U.S. District Judge Claude M. Hilton ordered the Internal Revenue Service yesterday to return about $3,000 in taxes it had collected from the estate of convicted spy Larry Wu-Tai Chin, saying the government had not proved that his widow was attempting to conceal his assets.

Hilton's order does not affect a claim by the IRS that Chin's estate owes $186,854 in delinquent taxes on income the government said Chin earned from espionage and gambling.

But it defers collection of that amount until the tax liability on Chin's estate is settled in tax court where Chin's widow is contesting the IRS figures.

Chin, a former CIA analyst, was convicted Feb. 7 of espionage and tax violations in connection with his spying activities for China. He committed suicide two weeks later in a Prince William County jail cell while awaiting sentencing.

Hilton's ruling in U.S. District Court in Alexandria came in a hearing requested by Chin's widow, Cathy, after the IRS confiscated some cash from a safe deposit box because it claimed she was trying to hide some of her husband's assets.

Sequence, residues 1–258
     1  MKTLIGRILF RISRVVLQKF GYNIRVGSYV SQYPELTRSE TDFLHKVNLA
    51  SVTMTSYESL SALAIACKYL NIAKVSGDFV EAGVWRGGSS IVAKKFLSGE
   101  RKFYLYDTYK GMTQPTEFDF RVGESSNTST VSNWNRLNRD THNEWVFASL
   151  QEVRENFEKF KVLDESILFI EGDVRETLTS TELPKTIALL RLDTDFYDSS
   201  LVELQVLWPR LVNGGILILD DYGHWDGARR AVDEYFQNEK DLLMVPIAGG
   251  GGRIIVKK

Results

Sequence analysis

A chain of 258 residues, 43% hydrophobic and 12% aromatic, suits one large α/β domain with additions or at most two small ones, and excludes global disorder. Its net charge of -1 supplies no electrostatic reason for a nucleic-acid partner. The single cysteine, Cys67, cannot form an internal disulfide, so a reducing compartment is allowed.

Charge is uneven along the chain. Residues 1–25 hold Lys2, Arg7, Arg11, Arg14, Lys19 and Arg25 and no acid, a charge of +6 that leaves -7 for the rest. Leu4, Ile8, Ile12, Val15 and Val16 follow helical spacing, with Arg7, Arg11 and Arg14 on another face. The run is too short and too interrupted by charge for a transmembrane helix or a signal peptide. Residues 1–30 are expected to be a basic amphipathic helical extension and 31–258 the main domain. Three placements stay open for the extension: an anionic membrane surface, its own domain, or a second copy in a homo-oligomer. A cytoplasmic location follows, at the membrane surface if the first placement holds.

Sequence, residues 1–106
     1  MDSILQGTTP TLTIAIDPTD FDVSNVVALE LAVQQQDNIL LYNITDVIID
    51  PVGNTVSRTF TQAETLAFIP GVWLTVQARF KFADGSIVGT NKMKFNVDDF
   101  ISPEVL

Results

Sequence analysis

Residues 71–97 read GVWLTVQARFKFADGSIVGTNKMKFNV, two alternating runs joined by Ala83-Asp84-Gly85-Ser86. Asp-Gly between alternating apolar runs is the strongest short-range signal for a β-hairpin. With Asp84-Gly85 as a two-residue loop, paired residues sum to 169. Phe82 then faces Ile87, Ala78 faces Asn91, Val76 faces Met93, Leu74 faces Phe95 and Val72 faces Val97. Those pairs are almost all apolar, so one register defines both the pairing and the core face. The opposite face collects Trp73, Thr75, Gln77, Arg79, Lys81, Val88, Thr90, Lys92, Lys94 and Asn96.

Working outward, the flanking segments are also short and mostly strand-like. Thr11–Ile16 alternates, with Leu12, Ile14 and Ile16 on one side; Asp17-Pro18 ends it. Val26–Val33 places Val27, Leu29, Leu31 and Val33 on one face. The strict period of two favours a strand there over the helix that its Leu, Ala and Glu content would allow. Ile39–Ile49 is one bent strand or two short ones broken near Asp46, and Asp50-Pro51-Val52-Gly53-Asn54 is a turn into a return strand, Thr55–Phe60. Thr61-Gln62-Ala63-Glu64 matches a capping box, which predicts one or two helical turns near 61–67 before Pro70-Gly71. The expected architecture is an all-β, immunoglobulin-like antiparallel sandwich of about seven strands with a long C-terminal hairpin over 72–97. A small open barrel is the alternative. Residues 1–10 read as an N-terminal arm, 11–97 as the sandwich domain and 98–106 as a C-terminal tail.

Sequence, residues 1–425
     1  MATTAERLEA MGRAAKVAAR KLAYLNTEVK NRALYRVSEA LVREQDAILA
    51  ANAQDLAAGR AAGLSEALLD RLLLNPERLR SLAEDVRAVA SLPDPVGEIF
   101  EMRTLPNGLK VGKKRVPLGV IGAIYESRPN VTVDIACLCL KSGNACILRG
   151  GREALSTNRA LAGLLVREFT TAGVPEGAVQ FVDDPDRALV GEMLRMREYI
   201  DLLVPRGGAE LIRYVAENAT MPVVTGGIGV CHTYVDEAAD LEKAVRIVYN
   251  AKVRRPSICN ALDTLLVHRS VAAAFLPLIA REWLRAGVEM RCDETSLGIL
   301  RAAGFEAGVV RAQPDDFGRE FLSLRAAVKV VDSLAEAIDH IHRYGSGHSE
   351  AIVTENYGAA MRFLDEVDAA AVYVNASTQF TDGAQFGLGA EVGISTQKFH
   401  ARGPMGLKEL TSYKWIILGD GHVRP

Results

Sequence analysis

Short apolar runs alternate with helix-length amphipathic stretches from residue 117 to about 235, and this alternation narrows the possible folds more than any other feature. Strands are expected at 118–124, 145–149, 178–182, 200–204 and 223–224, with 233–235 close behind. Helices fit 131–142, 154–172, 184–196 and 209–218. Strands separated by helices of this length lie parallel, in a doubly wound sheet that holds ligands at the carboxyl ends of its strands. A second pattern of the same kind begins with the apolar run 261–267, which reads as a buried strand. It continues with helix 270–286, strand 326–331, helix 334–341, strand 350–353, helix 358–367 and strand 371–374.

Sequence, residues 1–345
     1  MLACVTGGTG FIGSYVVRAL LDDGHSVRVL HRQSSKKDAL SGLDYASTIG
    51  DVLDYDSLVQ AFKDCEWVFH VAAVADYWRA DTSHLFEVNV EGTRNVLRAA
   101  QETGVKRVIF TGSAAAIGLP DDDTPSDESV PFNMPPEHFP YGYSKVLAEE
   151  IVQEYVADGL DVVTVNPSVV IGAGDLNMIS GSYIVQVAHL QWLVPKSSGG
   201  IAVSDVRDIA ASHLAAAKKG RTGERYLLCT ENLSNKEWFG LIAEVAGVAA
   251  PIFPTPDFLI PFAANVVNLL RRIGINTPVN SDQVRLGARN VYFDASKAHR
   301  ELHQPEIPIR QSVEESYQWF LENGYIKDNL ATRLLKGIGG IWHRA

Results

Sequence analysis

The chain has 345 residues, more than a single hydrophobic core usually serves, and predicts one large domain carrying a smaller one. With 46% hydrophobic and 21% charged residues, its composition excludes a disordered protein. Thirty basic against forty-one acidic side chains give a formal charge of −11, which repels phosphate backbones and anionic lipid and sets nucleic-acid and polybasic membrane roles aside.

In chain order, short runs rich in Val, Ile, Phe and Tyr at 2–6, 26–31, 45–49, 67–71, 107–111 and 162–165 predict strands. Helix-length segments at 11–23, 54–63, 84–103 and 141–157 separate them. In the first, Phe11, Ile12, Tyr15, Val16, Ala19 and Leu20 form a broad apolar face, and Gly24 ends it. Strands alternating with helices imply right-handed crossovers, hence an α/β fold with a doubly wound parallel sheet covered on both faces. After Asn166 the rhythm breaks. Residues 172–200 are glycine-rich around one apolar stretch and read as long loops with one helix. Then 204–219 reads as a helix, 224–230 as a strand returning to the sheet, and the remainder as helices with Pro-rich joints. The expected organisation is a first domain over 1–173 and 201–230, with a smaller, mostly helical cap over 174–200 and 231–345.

In a letter dated Feb. 27, the IRS said some bank transactions she had made warranted "the inference of concealment" and so it was moving to collect the taxes immediately.

Chin's attorney, William A. Carey, argued yesterday that she had "no intention of concealing assets and no intention of avoiding taxes." He said she withdrew $35,000 from two bank accounts in February for a down payment on a condominium in Fremont, Calif., where she planned to move.

Carey also said that, at her husband's request after his arrest, she traveled to Hong Kong in January to transfer $80,000 from one of his accounts there to a local bank so she could have access to the money. Her intent was not to put it beyond the reach of the IRS, Carey said. That transaction never took place because bank officials wanted more documents.

Justice Department attorney Michael Kearns argued that Carey was providing after-the-fact justifications for actions by Chin that "certainly looked suspicious" and made it "reasonable to conclude there was jeopardy to the collection of the taxes."

"I just don't believe that the government has met its burden" in proving that Chin was trying to conceal income, Hilton said, adding that "the bulk of the property is tied up in the estate and Mrs. Chin cannot get to it."